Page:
What I like about the GAPS protocol is that it is a temporary diet that has convincing anecdotal evidence of actual healing.  Instead of living on a gf/cf diet forever as has become the standard for autism/IBS/other health issues, I have hope that by following the GAPS diet for a season, we can open our diet back up to all of the wonderful foods Heavenly Father created on this earth.

What I don't like is giving up the grains and starches that have formed the bulk of our diet for years!

But the science, as described in Gut and Psychology Syndrome, is compelling.

I have so many complicated feelings about committing to a change such as this.

Comments

  1. I am glad you are seeing some positive results. Our son did well on the GAPS diet but it did not heal his gut for long (maybe 6 months). It just didn't feel maintainable forever for us. Then we went grain free for two years while using fermented foods, probiotics, and supplements that heal the gut. We had to go to a nutritionist for a few years while he was on the diet to help maintain his weight. He is back (for three years now) on a mostly organic whole foods diet with lots of homemade food, supplements to support his gut and probiotics. He takes about 8 pills a day, but he can eat grains again without turning red, vomiting or getting extreme hives. We no longer need to carry an epipen either! We still avoid corn and all corn products. His allergy scores are still high for most food groups (including ones that he still eats in moderation) which the doctor says proves that his gut is still leaking and struggling every day. We watch and adjust as is body copes or suffers. We are blessed that he is so much healthier. Blessings to you on this journey. I hope it proves successful.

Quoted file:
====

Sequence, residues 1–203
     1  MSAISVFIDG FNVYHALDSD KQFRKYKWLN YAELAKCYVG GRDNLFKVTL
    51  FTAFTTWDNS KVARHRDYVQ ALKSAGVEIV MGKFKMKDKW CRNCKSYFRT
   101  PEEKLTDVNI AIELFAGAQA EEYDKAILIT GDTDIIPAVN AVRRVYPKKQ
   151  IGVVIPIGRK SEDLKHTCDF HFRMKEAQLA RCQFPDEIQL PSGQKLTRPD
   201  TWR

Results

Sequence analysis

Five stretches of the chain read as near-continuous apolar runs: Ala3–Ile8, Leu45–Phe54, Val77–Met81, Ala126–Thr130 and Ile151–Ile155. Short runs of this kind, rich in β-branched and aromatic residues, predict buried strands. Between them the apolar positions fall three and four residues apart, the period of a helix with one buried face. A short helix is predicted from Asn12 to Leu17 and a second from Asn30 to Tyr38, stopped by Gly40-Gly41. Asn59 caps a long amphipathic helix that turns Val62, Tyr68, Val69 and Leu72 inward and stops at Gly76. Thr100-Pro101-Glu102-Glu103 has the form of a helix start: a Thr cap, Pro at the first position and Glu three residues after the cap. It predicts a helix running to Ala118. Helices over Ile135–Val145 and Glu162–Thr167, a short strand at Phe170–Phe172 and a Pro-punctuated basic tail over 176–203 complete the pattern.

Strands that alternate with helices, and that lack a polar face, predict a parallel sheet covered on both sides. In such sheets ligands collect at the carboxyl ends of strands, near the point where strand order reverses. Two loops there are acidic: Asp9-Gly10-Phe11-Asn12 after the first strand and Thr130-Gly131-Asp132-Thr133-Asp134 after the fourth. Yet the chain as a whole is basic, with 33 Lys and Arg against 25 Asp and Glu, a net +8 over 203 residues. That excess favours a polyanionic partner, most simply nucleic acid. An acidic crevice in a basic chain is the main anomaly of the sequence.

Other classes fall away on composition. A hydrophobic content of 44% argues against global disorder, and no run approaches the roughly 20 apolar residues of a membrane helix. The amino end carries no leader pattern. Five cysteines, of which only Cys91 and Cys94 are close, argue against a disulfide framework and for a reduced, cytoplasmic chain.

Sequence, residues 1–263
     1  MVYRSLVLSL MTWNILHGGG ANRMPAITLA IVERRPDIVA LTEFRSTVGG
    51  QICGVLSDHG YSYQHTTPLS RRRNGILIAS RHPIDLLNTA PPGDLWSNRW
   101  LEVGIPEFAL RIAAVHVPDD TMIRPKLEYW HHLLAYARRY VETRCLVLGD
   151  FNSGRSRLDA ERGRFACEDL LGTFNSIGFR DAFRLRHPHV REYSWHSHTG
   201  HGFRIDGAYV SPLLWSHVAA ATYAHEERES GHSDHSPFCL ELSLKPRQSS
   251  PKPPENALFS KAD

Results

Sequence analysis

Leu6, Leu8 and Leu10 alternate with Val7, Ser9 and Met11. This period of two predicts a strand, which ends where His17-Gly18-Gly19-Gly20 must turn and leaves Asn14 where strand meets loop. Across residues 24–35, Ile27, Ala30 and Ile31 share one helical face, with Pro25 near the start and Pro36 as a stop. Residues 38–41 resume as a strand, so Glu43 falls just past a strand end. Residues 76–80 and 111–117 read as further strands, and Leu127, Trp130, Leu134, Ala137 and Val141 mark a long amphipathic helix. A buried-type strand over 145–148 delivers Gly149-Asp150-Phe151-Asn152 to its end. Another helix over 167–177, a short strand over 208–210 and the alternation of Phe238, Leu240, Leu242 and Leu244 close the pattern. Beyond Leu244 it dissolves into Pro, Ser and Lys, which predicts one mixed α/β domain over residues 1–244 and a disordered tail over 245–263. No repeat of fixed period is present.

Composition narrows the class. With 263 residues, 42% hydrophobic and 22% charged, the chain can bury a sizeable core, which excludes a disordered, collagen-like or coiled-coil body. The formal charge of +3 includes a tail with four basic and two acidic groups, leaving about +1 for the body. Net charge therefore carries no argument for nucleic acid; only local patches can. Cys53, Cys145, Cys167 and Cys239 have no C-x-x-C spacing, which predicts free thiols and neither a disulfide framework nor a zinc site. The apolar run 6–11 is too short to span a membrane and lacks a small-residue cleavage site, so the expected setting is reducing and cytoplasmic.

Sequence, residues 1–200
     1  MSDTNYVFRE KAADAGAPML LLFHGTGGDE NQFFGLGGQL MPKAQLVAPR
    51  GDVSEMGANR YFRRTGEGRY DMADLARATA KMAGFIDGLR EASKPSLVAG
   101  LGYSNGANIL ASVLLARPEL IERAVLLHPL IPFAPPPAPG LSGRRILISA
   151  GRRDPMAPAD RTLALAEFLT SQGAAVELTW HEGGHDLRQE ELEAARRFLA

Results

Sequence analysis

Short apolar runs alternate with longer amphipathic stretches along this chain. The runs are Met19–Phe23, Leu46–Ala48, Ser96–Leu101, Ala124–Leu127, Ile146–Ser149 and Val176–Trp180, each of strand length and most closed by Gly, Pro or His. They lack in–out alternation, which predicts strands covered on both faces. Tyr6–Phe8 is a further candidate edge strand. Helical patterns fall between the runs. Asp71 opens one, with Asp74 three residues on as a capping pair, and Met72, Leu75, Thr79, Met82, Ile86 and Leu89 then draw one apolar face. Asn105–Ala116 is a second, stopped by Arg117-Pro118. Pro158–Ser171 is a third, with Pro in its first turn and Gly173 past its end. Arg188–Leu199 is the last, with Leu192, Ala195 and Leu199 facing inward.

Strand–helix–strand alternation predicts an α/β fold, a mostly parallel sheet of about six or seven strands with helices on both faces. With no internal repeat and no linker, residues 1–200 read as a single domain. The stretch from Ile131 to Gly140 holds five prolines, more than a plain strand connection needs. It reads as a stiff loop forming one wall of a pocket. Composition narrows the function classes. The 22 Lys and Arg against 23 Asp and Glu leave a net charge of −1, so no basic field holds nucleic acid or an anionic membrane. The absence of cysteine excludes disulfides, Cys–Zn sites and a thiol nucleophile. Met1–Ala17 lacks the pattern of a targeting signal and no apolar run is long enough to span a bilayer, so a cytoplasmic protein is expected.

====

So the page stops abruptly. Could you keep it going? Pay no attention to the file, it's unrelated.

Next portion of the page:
Blessings, Dawn

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  2. I'm glad for your comment. My main concern for the kids has been keeping their weight appropriate. I'm adding fats and as many fruit and nut carbs as I can possibly squeeze in, but I'm still not convinced that it is really a good diet for kids unless overriding concerns exist. It's good for me to read your experience with GAPS and how it was not long-lasting. I'm completely convinced that an organic whole foods diet with plenty of ferments and probiotics is the best plan, and that's where I want to get, but I'm not sure we're there. I'm quite torn between starting that simply and then trying GAPS if it doesn't work or continuing our GAPS plan and working up.